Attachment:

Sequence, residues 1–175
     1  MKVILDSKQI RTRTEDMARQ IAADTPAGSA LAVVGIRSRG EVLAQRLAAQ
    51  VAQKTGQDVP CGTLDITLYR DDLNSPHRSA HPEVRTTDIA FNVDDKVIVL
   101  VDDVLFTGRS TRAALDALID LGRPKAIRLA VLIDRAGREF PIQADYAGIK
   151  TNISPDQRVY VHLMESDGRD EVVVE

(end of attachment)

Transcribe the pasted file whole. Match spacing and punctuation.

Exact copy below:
Sequence, residues 1–175
     1  MKVILDSKQI RTRTEDMARQ IAADTPAGSA LAVVGIRSRG EVLAQRLAAQ
    51  VAQKTGQDVP CGTLDITLYR DDLNSPHRSA HPEVRTTDIA FNVDDKVIVL
   101  VDDVLFTGRS TRAALDALID LGRPKAIRLA VLIDRAGREF PIQADYAGIK
   151  TNISPDQRVY VHLMESDGRD EVVVE